(CHICAGO) Federal agents have been investigating an executive with the firm that manages Chicago’s privatized parking meters on allegations he took kickbacks to steer a meter contract to a favored company, according to a court record obtained by the Chicago Sun-Times.
FBI agents filed an affidavit for a search warrant in February to search two email accounts tied to an executive of LAZ Parking who allegedly received $90,000 in bribe payments to steer the contract for parking meters, which produced gross revenues of $22 million and monthly service fees.
The Sun-Times is not naming the executive because he has not been charged. When reached Tuesday, he said the allegations in the FBI affidavit were “news to me” and declined to comment further. The FBI declined to comment.
A LAZ spokeswoman said Tuesday that they first learned about the allegations against one of their employees when the Sun-Times contacted them.
“We are a company that is committed to our employees and base our values on integrity, trust and honesty,” LAZ spokeswoman Mary Coursey wrote in an email. “We will fully cooperate with the proper authorities to insure that this matter will be handled in a professional and swift manner.”
The feds say the businessman who paid the bribe is a cooperating witness, who is charged with paying a bribe to an official in another city on another parking meter deal.
The cooperating witness is not named in the affidavit. The feds wrote that he was president and CEO of a company that landed a contract to supply parking meters to Chicago Parking Meters LLC, the consortium that landed the 75-year deal to privatize Chicago’s meters.
The FBI raided his offices some time after July 22, 2011, according to the affidavit.
Those details appear to fit the case against George Levey, whose Cale Parking Systems USA Inc. provided parking meters to Chicago Parking Meters LLC. Federal prosecutors in Oregon accused Levey last year of bribing a Portland official and paying for his travel, golfing green fees and strip clubs in return for help landing parking meter deals. Levey’s attorneys filed a plea agreement in Oregon in late April.
Levey could not be reached for comment Tuesday, and his attorney declined to comment.
The feds allege the scheme unfolded as Chicago’s plan to privatize its parking meters began taking shape near the end of 2008. The LAZ executive and the parking meter company CEO allegedly sat down together at a Florida restaurant.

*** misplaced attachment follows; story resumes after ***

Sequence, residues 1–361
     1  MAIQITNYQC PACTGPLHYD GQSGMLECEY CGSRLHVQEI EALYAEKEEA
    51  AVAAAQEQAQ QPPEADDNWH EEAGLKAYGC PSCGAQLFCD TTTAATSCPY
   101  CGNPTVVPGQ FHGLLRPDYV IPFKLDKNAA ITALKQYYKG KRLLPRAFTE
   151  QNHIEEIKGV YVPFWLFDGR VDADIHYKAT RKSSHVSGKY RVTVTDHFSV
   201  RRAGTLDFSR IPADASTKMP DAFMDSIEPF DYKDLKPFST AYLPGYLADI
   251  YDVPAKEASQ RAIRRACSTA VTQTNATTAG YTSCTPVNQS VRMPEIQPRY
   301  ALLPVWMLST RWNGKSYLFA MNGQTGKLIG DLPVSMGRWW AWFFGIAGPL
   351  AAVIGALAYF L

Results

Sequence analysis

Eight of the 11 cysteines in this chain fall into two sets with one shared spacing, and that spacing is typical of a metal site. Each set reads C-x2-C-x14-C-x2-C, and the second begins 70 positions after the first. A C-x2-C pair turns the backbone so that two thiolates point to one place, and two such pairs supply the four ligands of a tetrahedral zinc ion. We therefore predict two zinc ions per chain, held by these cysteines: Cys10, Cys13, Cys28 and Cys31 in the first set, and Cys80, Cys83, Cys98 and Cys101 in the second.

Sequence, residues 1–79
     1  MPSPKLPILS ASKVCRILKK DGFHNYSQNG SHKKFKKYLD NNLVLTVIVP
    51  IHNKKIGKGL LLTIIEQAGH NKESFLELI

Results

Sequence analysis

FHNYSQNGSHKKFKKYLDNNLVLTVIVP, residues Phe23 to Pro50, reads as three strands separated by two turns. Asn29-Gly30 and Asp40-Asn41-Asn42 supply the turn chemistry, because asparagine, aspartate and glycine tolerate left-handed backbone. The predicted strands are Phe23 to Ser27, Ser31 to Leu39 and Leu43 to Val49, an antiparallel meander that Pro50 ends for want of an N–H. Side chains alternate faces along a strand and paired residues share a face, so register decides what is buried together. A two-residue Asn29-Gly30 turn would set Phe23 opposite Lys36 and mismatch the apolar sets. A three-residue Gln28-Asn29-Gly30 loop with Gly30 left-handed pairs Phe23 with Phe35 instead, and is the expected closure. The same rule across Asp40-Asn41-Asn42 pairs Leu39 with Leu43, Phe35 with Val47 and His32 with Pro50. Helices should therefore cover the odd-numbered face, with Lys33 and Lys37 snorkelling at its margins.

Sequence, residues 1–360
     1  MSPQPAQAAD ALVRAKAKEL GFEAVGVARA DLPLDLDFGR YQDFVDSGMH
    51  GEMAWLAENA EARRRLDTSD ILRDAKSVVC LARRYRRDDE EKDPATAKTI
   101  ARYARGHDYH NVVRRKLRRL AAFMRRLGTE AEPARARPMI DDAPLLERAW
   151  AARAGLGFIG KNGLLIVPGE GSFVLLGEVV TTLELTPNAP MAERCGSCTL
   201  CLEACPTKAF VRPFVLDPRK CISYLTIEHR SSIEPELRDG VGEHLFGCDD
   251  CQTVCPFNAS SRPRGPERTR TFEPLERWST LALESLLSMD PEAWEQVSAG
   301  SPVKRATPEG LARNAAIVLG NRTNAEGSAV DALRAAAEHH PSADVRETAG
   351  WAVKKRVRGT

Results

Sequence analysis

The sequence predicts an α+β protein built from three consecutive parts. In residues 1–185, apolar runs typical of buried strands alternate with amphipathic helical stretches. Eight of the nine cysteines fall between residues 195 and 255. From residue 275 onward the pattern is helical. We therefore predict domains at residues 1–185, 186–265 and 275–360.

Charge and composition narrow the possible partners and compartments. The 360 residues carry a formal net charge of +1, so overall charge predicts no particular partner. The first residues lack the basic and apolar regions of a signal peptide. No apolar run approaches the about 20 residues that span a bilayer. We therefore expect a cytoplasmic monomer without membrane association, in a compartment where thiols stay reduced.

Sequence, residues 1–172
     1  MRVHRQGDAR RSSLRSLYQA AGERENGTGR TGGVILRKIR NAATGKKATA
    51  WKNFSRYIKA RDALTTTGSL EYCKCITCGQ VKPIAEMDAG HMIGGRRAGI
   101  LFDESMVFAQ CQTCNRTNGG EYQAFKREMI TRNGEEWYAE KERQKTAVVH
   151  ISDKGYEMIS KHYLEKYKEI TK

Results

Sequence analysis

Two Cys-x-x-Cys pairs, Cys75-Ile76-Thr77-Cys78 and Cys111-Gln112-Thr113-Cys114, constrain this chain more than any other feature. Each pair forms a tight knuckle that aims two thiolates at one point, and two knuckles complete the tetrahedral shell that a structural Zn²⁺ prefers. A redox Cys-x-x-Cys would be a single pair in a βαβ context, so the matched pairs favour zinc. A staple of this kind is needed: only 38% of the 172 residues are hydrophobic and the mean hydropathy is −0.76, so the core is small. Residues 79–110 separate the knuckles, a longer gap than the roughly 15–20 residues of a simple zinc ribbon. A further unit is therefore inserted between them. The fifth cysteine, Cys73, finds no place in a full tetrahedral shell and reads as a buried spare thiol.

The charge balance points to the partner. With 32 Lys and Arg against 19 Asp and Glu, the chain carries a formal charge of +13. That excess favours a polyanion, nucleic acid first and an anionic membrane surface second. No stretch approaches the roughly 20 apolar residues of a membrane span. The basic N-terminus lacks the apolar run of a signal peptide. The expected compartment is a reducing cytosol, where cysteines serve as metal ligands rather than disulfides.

The CEO wanted his meters in Chicago, so they cut a deal, according to the affidavit. In return for as much as $90,000 in bribe payments, the LAZ executive allegedly helped his Florida restaurant companion land a contract to supply Chicago’s parking meters.
The FBI said the LAZ executive gave the parking meter CEO inside information about the criteria used to pick a supplier. A three-member panel that included the LAZ executive selected the parking meter CEO’s company.
In October 2009, the wife of the LAZ executive allegedly created a shell company to receive the “bribe payments,” according to the affidavit. Over three months in 2010, the feds said the parking meter supplier’s company made four payments totaling $90,000 to that shell company.
But apparently it wasn’t enough.
In July 2011, the LAZ executive’s wife allegedly wrote an email to the parking meter CEO that read: “Hi George. Do you need me to send you an invoice for 2011?”
The CEO believe she was asking for more money, according to the affidavit. But by then, the contract had apparently turned out to be far less lucrative than expected, and the CEO was souring on shelling out any more cash.
So he wrote to the LAZ executive, “You and I will need to meet,” according to the affidavit. He allegedly complained that Chicago Parking Meters had “hammered us down in all areas” and eventually concluded, “a fair payout may have already happened.”
The LAZ executive then allegedly tried to set up a meeting. But two weeks later, the parking meter CEO wrote back to offer a “reality update” and complain about changes to the original deal, according to the FBI.
“Obviously I am making this statement because the fee issued last year in my opinion is quite fair as a full payment,” the cooperating witness allegedly wrote.
The feds showed up to search his office shortly after he sent that email, according to the affidavit. The raid generated some publicity.
And the LAZ executive did not respond.
— Chicago Sun-Times